Chrysler Credit Corp., 928 F.2d at 1516 (quoting Tex. Gulf Sulphur Co. v. Ritter, 371 F.2d 145, 147 (10th Cir. 1967)). However, the decision to transfer venue lies in the sole discretion of the district court and should be based on an "individualized, case-by-case consideration of convenience and fairness." Tex. E. Transmission Corp. v. Marine Office-Appleton & Cox Corp., 579 F.2d 561, 567 (10th Cir. 1978); Stewart Org. v. Ricoh Corp., 487 U.S. 22, 29 (1988).
II. FACTUAL BACKGROUND
Plaintiff Liquid Magnetix is a Colorado corporation that manufactures and sells environmental products, including switches and pumps used in dehumidifiers. (Complaint (ECF No. 3) ¶ 4.) Defendant Therma-Stor is a Wisconsin corporation that manufactures and sells commercial and residential dehumidifiers. ( Id. ¶ 5; ECF No. 1.) Defendant has been a long time customer of Plaintiff, having ordered custom-made switches and pumps for use in its products. ( Id. ¶ 6.) The parties developed a course of dealing for their business transactions. ( Id. ¶ 8.) Defendant would send Plaintiff a Purchase Order requesting a certain number of products at a certain price, along with a requested arrival date. ( Id. ¶ 9.) Plaintiff would confirm an expected ship date, and then ship the products to Defendant with an invoice seeking payment within 30 days. ( Id. )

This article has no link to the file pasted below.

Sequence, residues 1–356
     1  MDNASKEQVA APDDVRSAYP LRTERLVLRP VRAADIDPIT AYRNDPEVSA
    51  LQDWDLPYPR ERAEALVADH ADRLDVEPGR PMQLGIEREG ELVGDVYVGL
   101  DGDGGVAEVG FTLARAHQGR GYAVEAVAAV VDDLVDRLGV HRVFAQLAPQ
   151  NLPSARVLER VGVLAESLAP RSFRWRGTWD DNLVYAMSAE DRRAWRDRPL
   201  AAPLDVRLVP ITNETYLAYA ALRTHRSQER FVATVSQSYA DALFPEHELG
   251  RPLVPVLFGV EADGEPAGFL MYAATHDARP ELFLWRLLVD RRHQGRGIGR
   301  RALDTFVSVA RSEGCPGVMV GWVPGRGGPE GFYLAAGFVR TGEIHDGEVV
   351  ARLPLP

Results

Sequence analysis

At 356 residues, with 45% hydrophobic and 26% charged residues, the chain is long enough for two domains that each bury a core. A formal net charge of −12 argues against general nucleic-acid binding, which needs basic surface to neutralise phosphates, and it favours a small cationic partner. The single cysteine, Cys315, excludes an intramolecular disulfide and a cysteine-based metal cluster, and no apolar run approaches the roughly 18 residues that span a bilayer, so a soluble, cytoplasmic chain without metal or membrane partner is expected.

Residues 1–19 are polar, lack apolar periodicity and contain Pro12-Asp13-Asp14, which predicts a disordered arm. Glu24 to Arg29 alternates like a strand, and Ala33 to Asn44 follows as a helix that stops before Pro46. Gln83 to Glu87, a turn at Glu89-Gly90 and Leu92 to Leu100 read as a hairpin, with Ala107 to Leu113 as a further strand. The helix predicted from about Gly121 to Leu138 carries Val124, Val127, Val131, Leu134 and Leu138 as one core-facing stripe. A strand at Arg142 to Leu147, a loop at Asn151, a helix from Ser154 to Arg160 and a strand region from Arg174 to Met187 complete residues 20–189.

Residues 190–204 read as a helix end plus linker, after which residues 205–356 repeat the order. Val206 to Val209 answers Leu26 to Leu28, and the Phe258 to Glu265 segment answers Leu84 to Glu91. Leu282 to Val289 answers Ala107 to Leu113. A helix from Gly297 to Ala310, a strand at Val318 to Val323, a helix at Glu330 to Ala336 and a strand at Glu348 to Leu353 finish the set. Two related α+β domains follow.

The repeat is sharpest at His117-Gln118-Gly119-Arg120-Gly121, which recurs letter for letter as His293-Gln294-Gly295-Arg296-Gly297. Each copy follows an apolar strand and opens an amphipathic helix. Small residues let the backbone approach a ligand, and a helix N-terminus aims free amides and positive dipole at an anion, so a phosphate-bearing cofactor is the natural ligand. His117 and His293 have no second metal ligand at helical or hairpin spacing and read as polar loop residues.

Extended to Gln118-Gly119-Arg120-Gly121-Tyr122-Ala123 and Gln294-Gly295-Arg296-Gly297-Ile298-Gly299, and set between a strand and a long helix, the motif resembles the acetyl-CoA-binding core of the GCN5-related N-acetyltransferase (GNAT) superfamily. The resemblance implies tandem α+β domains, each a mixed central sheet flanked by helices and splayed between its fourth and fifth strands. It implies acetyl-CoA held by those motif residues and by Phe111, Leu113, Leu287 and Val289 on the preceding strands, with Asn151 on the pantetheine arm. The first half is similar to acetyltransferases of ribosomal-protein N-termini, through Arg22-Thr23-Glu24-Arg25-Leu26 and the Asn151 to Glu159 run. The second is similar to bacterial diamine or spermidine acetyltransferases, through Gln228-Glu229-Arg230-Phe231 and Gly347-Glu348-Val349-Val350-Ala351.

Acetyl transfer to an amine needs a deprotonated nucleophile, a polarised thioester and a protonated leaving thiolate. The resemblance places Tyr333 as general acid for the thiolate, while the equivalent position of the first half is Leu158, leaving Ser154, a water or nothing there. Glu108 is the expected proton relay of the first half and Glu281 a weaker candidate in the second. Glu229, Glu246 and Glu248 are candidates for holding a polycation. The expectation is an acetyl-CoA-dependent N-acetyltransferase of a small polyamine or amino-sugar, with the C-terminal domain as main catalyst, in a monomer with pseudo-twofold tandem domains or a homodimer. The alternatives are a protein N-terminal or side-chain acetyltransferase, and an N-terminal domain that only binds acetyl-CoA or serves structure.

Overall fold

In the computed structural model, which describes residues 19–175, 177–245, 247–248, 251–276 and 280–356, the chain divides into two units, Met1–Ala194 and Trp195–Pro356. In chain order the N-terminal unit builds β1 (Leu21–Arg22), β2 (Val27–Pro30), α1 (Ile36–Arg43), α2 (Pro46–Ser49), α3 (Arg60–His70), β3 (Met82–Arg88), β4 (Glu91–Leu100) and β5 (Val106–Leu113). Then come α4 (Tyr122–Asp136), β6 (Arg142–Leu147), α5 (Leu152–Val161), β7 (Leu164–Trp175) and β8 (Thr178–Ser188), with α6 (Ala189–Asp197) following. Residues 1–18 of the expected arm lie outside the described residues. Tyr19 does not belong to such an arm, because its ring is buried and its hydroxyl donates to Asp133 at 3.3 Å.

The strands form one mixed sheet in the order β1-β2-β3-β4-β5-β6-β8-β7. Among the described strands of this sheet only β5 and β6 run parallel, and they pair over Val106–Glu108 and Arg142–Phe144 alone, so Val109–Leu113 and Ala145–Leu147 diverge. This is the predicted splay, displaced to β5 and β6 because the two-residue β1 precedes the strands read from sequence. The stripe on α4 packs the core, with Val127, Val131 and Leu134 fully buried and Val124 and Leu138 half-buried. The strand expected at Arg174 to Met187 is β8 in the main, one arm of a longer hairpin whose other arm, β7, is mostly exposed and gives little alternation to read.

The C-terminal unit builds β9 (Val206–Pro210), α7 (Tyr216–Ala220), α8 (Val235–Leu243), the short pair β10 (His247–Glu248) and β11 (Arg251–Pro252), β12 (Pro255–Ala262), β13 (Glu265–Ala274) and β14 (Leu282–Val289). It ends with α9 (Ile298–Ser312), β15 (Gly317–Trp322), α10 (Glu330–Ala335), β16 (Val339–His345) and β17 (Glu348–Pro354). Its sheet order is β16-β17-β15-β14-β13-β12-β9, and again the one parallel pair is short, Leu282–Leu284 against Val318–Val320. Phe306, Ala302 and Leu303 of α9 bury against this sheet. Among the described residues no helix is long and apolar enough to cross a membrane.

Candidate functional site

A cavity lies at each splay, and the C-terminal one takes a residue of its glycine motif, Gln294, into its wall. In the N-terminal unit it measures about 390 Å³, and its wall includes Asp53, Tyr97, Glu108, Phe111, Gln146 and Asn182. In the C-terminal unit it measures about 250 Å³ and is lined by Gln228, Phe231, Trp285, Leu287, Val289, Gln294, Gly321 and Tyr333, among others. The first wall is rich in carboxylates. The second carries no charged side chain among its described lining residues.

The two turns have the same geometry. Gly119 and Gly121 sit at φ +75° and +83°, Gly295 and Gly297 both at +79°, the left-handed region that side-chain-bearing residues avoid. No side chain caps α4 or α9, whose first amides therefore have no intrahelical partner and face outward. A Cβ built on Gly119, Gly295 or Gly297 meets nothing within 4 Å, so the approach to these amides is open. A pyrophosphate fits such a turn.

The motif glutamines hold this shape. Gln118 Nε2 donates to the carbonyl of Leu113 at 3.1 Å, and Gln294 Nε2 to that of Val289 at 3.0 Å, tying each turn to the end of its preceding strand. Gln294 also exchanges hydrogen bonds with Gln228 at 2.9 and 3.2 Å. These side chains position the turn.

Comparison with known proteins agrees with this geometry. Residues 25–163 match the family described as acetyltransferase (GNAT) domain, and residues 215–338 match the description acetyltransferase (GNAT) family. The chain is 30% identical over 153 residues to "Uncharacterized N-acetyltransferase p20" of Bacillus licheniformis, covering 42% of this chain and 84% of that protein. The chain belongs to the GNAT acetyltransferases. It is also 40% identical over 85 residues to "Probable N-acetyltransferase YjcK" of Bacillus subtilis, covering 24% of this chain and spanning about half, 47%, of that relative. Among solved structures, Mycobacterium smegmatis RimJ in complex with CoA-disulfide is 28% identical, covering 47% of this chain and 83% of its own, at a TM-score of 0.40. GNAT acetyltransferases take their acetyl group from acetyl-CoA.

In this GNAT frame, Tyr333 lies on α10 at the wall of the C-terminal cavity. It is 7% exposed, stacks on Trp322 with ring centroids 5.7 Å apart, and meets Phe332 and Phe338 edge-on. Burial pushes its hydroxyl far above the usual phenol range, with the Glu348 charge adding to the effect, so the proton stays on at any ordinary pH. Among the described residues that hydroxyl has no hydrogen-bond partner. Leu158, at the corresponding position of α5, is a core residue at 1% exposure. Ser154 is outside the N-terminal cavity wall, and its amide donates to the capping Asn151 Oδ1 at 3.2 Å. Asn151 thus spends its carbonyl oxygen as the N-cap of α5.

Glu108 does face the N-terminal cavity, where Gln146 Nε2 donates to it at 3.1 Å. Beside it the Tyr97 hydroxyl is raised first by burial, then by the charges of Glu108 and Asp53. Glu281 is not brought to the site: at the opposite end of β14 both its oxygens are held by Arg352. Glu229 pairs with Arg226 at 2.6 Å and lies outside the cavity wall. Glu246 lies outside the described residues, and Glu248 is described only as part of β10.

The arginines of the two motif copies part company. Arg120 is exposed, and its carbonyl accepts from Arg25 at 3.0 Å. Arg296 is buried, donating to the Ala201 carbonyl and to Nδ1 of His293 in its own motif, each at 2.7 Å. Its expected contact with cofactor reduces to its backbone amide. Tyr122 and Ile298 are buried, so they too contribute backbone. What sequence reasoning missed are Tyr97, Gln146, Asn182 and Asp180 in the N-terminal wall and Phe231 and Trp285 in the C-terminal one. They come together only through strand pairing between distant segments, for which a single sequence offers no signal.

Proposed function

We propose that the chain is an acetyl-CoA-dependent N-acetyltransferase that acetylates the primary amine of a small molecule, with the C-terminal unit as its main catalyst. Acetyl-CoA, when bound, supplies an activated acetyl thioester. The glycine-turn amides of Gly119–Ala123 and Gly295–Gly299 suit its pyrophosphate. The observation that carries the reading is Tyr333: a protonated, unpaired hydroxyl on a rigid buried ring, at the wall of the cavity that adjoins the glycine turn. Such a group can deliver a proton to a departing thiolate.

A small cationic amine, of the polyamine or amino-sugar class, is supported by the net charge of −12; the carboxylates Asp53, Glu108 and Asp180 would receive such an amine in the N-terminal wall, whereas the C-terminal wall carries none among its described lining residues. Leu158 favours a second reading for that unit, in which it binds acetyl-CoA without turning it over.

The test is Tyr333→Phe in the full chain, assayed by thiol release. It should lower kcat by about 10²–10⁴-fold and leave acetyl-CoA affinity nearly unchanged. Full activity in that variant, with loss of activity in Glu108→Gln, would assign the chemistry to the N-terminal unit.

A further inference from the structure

Between May 24, 2012 and May 24, 2013, Defendant submitted twelve Purchase Orders, which were handled per the parties' course of dealing. ( Id. ¶¶ 10-54.) Plaintiff filled the orders and shipped the goods. ( Id. ) Defendant accepted the goods for nine of the orders, and attempted to reject three orders. ( Id. ) Despite Plaintiff's alleged performance under the contracts, Defendant has failed to pay the amount due under any of these orders, which totals $208.589.52. ( Id. ¶ 56.)
On these facts, Plaintiff brings claims for breach of contract, promissory estoppel, unjust enrichment, and quantum meruit. ( Id. ¶¶ 55-76.) Plaintiff originally filed this action in District Court for San Miguel County, Colorado, but Defendant removed the case to this Court based on the complete diversity between the parties. (ECF No. 1.) Defendant then filed the instant Motion. (ECF No. 18.)